b  Based on 2005‑06 Governor's Budget.

 

What Is the "Maintenance Factor" and How Does It Work?

Recall that the intent of Proposition 98 is for K-14 funding to grow with attendance and the economy. When Test 3 years or suspension occurs, the state has provided less growth in K-14 funding than the growth in the economy. This funding gap is called the maintenance factor. Proposition 98 contains a mechanism to accelerate Proposition 98 spending in future years. This is called restoration of maintenance factor.

Figure 3 illustrates how the maintenance factor is created in one year and restored through accelerated growth in future years. In the figure, the state saves $2 billion in a suspension year, thereby creating a maintenance factor of the same amount. In this example, General Fund revenues grow faster than the economy in each of the next four years. As a result, the state provides an additional $500 million each year in accelerated growth or maintenance factor restoration. By year five, the state is back to a spending level that would have occurred absent the suspension. Figure 3 also shows that a suspension or Test 3 year results in state savings for several years. The state pays less than it otherwise would have until the maintenance factor is fully restored.

When Has the State Owed Maintenance Factor?

Figure 4 shows how the maintenance factor has fluctuated over time. Generally, once a maintenance factor is created, it carries forward for several years until stronger General Fund revenue growth allows for a reduction of this obligation. For example, as a result of several Test 3 years, the state created a maintenance factor in the early 1990s that grew to $2.2 billion by 1993-94. As General Fund revenues recovered in the mid-1990s, the state provided accelerated Proposition 98 growth and fully restored the maintenance factor by 1997-98. In recent years, the large outstanding maintenance factors are due to: (1) the dramatic revenue drop-off in 2001-02 (Test 3) and (2) the 2004-05 suspension.

Is Maintenance Factor a Loan That Must Be Repaid?

Some have suggested that when the state creates a maintenance factor, it is borrowing from Proposition 98. This is not the case. When the state creates a maintenance factor, the state is saving the amount of the maintenance factor. And, while the General Fund savings are not permanent, the state never has to repay funding not provided to schools as a result of the maintenance factor.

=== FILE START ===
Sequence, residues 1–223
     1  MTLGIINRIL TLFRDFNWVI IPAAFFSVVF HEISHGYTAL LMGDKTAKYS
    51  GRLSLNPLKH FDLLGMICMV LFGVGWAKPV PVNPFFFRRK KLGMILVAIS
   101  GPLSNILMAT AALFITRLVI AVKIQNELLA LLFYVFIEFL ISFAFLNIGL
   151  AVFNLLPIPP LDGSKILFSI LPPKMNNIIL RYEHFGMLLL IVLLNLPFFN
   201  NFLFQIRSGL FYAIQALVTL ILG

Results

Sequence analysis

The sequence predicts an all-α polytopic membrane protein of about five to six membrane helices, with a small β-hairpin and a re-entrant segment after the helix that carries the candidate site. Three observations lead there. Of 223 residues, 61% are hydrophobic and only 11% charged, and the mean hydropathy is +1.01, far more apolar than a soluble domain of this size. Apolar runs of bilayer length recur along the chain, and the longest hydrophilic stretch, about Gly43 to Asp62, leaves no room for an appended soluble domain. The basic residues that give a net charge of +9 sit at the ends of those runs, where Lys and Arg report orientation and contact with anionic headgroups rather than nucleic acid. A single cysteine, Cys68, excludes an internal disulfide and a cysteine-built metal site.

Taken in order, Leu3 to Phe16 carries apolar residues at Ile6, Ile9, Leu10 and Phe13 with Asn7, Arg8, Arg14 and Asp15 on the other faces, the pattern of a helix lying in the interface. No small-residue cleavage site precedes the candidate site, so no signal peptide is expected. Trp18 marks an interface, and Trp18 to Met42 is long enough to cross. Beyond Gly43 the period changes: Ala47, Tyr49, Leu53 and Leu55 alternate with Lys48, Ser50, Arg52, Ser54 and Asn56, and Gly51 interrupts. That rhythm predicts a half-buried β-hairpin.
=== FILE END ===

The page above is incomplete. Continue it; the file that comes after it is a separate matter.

For example, in 2004-05 under the Governor's proposed 2005-06 budget, the state saves $3.1 billion by its suspension of Proposition 98 in the current year. Under the existing Proposition 98 formulas, the state will over time provide accelerated growth to build the $3.1 billion back into the Proposition 98 base. However, until the entire $3.1 billion is restored, the state will continue to have annual General Fund savings.

How Does Maintenance Factor Restoration Interact With Revenue Increases?

As noted above, in good revenue years, the state makes accelerated payments to Proposition 98. As a result, the state must dedicate around 55 percent of new General Fund revenues to Proposition 98 in these situations.

Some people get confused by the 55 percent number, wrongly comparing it with Proposition 98's share of General Fund revenues—45 percent. The 45 percent figure is the average share of General Fund revenues devoted to Proposition 98 spending. The 55 percent figure only applies to additional General Fund revenues (year over year) and only in years when the state has an outstanding maintenance factor. The 55 percent figure is important to remember in those cases where General Fund revenues may be going up (due to updated projections, final collections, or proposed tax increases).

Can the Legislature Provide More Than The Minimum Guarantee?

Yes. The state can provide funding above the Proposition 98 minimum guarantee in any fiscal year. However, since the additional funding becomes part of the Proposition 98 base for the next year's calculation, it becomes a permanent state obligation. Appropriations above the minimum (often referred to as "overappropriations") occurred annually for five years beginning in 1997-98, permanently raising the long-run Proposition 98 obligation level by almost $3.7 billion.

Does the Legislature Have Discretion Over How the State Spends the Proposition 98 Funds?

Within the guaranteed funding level, the Legislature has complete discretion on how it spends monies on schools. The Legislature can provide the funds for general purpose uses or for specific categorical programs. The state can also vary the mixture of funding that is used to support K-12 schools, community colleges, and child care.

The State's Experience With Proposition 98 to Date

How Well Has Proposition 98 Worked At Providing Predictable Growth in Funding?